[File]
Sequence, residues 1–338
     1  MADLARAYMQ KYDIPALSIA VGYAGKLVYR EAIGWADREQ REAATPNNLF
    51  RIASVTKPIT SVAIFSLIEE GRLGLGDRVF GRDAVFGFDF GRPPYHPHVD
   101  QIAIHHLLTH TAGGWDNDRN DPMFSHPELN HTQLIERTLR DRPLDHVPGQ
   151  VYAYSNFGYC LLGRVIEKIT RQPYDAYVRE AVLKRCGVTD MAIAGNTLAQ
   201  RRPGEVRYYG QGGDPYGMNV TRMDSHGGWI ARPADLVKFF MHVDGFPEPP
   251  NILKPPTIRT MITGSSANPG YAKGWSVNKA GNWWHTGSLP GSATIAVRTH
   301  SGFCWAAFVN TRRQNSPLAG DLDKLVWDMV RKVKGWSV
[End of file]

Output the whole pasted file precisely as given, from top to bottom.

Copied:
Sequence, residues 1–338
     1  MADLARAYMQ KYDIPALSIA VGYAGKLVYR EAIGWADREQ REAATPNNLF
    51  RIASVTKPIT SVAIFSLIEE GRLGLGDRVF GRDAVFGFDF GRPPYHPHVD
   101  QIAIHHLLTH TAGGWDNDRN DPMFSHPELN HTQLIERTLR DRPLDHVPGQ
   151  VYAYSNFGYC LLGRVIEKIT RQPYDAYVRE AVLKRCGVTD MAIAGNTLAQ
   201  RRPGEVRYYG QGGDPYGMNV TRMDSHGGWI ARPADLVKFF MHVDGFPEPP
   251  NILKPPTIRT MITGSSANPG YAKGWSVNKA GNWWHTGSLP GSATIAVRTH
   301  SGFCWAAFVN TRRQNSPLAG DLDKLVWDMV RKVKGWSV